The 1970s, Warts (And More Warts) In 'Inner City Romance'
Leave it to good ol' Hunter S. Thompson to be one of the first people to put his finger on the swan-songy feeling that would dominate the 1970s. As usual, his language defied the malaise he described: "We are all wired into a survival trip now," he wrote in 1971's Fear and Loathing in Las Vegas. "A generation of permanent cripples, failed seekers, who never understood the essential old-mystic fallacy of the Acid Culture: the desperate assumption that somebody — or at least some force — is tending that Light at the end of the tunnel."
At that time Guy Colwell couldn't even say what the Light looked like. Inner City Romance, the comic he drew from 1972-1978, is like one long poem of '60s energy gone sour. Between the political fights nobody wins (certainly not the good guys), explicit sex that's often more despairing than beautiful, and ordinary people rendered with an agonized blend of love and hate, Colwell captured the essence of the '70s zeitgeist. The mystery is how he held it together enough to document what he saw.
Colwell is among those '60s survivors who paid a hard price for their idealism: He did a year and a half in a federal penitentiary for resisting the draft. When he began contributing to alternative papers in the early '70s, his accounts of prison life made him stand out in the burgeoning underground comics scene. He continued to attract attention with his snapshots of life among the poorest, most beat-down city dwellers.
In the interview that opens this book (his first-ever collection), he describes mingling in "an underclass network that included addicts, prostitutes, dealers, as well as musicians, artists and politicos ... I was able to wander through the hard-drug, black-music, sex-for-sale and radical-political underground and take in a lot of information that would inform my art and my life."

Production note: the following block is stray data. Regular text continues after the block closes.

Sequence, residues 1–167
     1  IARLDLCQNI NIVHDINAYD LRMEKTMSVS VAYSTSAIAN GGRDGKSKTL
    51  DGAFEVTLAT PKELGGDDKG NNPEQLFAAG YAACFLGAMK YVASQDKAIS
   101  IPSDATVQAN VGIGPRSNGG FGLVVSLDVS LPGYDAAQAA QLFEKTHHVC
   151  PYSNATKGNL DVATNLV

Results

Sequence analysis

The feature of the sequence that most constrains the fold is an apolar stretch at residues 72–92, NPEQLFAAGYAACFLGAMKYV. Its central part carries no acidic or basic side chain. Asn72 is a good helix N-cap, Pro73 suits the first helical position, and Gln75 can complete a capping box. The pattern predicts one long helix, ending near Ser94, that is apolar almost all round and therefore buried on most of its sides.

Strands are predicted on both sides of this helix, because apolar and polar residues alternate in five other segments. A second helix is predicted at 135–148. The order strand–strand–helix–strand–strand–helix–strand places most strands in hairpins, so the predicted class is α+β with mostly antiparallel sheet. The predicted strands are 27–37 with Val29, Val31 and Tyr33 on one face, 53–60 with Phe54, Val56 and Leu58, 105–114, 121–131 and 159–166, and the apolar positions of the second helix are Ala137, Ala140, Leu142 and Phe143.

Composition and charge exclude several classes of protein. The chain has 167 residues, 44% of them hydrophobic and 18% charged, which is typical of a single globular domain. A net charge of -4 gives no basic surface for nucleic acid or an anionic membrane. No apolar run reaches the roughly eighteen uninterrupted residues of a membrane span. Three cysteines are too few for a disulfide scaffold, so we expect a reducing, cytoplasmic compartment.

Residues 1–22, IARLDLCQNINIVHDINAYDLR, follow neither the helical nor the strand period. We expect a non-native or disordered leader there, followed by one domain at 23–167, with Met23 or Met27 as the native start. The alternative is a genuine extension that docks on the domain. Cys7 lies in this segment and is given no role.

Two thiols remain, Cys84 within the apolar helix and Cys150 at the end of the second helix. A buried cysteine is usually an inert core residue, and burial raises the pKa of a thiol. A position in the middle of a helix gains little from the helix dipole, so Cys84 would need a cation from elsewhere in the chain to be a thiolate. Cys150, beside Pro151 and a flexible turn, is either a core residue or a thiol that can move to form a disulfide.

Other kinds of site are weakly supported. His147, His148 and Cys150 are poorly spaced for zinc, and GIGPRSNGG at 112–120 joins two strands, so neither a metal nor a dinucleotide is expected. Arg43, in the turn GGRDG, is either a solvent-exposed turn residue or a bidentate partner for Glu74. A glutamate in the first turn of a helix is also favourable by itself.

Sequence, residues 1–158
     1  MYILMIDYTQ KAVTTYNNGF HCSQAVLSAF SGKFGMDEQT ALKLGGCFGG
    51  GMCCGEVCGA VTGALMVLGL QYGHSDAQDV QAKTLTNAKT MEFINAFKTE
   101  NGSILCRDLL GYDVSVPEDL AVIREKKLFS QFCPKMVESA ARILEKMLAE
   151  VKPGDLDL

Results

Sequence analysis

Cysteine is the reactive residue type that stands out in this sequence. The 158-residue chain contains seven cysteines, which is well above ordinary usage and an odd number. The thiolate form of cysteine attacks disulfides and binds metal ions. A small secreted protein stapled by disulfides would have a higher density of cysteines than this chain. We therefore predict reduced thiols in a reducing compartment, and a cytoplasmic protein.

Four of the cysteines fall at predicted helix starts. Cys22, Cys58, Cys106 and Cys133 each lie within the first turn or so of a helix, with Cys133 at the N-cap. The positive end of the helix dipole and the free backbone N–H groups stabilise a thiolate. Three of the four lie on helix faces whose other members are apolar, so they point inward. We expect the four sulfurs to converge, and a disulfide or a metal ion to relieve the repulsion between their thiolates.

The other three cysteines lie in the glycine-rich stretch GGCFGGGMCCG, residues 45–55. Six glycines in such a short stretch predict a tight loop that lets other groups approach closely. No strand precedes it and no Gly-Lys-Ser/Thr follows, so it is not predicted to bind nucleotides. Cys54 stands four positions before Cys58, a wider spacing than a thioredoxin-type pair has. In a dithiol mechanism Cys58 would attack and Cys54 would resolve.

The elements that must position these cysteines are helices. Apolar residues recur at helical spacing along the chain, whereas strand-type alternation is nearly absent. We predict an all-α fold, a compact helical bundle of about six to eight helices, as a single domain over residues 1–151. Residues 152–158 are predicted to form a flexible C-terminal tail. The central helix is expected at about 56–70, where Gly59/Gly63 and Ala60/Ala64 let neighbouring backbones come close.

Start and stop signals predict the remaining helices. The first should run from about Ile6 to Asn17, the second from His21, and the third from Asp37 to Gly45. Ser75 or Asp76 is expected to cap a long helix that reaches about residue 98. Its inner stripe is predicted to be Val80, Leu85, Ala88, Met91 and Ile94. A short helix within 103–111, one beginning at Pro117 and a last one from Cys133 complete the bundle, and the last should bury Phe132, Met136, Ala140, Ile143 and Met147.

For Colwell, this immersion seems to have produced drastic emotional ups and downs. Hunter Thompson rebuffed '70s stagnation by taking drugs and spitting out a defiant, barbaric yawp. Colwell yawps too, but intermittently. Both his form and his content vary so wildly, reading it is like working your foot on the pedal of a carnival bumper car. Sometimes he draws and paints beautiful stuff, ranging from meticulous renderings of humankind to wild, drug-fueled fantasias. Other sketches could have come off the cover of a high school student's marbled composition book.
That said, it's a rare artist — student or otherwise — who can muster Colwell's deep fascination with, and unique perception of, the mystery that is other people. His faces are rictuses or weirdly exaggerated masks. In his paintings, some of which are included in the book, the faces are much more carefully rendered than in the comics, though they all tend to have a doll-like feel. Many of his paintings depict big crowds, perfectly capturing how it feels to be trapped with a bunch of other humans. They seem to breathe sweat and people-stink, with interchangeable bare limbs popping out of the mass here and there. (It's a shame the editors didn't figure out a better way to reproduce his big, crowded works; the loss of detail is painful.)
Colwell clearly loves to draw sex, but his success here varies as wildly as everywhere else. Some of his clasps display careful thought about how bodies interact, but usually he omits the flopping and folds that are natural. One notable exception is a love scene between an old African-American couple; their lightheartedness is as winning as their decidedly imperfect bodies.
There's a lot of sex in the very first story, a tale of three guys who get out of prison on the same day. Two of them occupy themselves with drugs and willing women, but the third's path is muddled. He's angry, but he's not sure at what; the cords of his neck look like steel columns. He entertains fantasies of joining his friends' bacchanal and equally powerful fantasies of killing them all. The one thing he can't seem to envision is a positive way forward, a new life.
Neither can Colwell — at least, not a coherent one. He went to prison for his nonviolent beliefs, then got out less than two years later to discover that idealism was decidedly out of style. Inner City Romance is crowded with characters, but in some ways it documents an abstract process: The quest of a mind, once comfortably full of conviction, to cope when that conviction is lost.
has written about books for The New York Times, The Los Angeles Times and Salon.com. She tweets at @EtelkaL.
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